Right-hander Jordan Yamamoto took to Twitter today to announce his retirement. “I have decided to walk away from the game I love,” his post reads. “It’s definitely bittersweet. As I sit on my flight back home, there are so many emotions I’m feeling but none is regret. This has been an amazing journey and nothing short of unbelievable. A little kid from Hawaii with a dream. A dream to play in the MLB. If you would have told me at 10 years old that I would go on to be a big league pitcher and hold a franchise record, I would have never believed you. It is crazy and only right that I end my career the same way it started. On a back field game in Arizona. It’s poetry if you ask me.” He then goes on to thank all of the many people who have been a part of his journey, including his family, agents, teammates, coaches, staff members and fans.
Yamamoto, who turns 27 in May, was a 12th round draft pick of the Brewers in 2014. Despite that modest draft stock, he impressed in his first professional seasons, including a 2017 season where he posted a 2.51 ERA in 111 innings at Class-A Advanced. That performance was strong enough to get the attention of the Marlins, as Yamamoto was one of four players they acquired in the trade that sent Christian Yelich to Milwaukee.
Things continued to go well for Yamamoto in 2018, despite a few trips to the injured list. He made 13 starts with a 1.83 ERA at three different levels, finishing the year in Double-A. He then made another six starts in the Arizona Fall League with a 2.08 ERA in that time. The Marlins added him to their 40-man roster in November to protect him from being selected in the Rule 5 draft and Baseball America ranked him as the club’s #18 prospect going into 2019.
He was able to make his major league debut in 2019, making 15 starts with a 4.46 ERA, as well as 12 more Double-A starts with a 3.58 ERA. He seemed to be part of a wave of young rotation talent in Miami, alongside guys like Sandy Alcantara, Pablo López and others. Unfortunately, things wouldn’t continue on that trajectory in the seasons to come, largely due to injury. Yamamoto landed on the injured list late in 2019 and had diminished velocity in 2020, getting tattooed for an ERA of 18.26 in 11 1/3 innings that year.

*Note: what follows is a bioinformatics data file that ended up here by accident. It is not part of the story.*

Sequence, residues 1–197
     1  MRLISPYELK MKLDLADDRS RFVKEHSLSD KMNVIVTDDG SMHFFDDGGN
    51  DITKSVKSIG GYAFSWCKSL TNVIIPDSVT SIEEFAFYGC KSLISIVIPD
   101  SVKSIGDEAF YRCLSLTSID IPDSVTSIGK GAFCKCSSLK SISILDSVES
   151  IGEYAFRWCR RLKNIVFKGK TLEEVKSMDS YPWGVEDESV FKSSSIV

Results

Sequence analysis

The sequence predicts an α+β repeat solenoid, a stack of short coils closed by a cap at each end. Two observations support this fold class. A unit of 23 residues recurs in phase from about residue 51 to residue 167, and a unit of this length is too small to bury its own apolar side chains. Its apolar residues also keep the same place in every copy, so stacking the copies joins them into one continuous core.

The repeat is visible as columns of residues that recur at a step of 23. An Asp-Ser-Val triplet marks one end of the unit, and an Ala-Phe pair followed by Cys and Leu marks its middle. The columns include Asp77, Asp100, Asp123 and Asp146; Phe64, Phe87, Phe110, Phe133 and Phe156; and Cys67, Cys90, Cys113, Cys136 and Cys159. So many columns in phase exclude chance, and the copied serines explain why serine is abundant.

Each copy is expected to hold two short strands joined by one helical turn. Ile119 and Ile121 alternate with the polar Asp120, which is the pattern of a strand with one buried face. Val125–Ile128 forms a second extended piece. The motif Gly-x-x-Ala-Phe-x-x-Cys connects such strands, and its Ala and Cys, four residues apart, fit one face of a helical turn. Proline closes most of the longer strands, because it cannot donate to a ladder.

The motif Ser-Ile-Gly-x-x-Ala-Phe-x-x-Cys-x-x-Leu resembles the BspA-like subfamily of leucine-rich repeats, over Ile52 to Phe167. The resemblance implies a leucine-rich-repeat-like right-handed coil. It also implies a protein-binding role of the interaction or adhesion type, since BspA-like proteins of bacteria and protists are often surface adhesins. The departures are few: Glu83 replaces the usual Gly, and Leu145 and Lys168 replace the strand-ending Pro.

Prior to the 2021 campaign, the Marlins designated him for assignment and then flipped him to the Mets. That would go on to be another frustrating season for Yamamoto, as he spent the beginning of the year being shuttled between Triple-A and the majors before a shoulder injury sent him to the IL from May until September. He was designated for assignment in April of 2022 and cleared waivers, sticking with the Mets but without a roster spot. He made 24 appearances in the minors last year with an ERA of 6.00. He reached free agency at season’s end and signed a minor league deal with the Dodgers in January but was recently reassigned to minor league camp.
Yamamoto has now decided it’s time to hang up his cleats and start the next phase of his life. He appeared in 21 major league games, tossing 96 2/3 innings in that time with a 6.05 ERA. He struck out 98 batters and earned five wins. The franchise record that he referenced in his statement was that he started his career with 14 scoreless frames for the Marlins. We at MLB Trade Rumors salute Yamamoto on achieving his dream of making it to the majors and wish him the best in his post-playing endeavors.
Image courtesy of USA Today Sports.
He’s only 26 years old and already done? I’m guessing injuries never let him develop a career in baseball, well that sucks.
Wasn’t he with the Dodgers this spring? Writing must have been on wall if they couldn’t help that shoulder
Do you really retire if you only played in 21 games?
He’s retiring from baseball. Not just the majors. He’s played parts of 9 seasons.
Don’t be a dick.
He’ll be back. Probably before the end of the year.
This is a nice farewell sentiment.
What’s his franchise record? Need to know it for potential obscure Marlins trivia if I ever run into the marlins fan.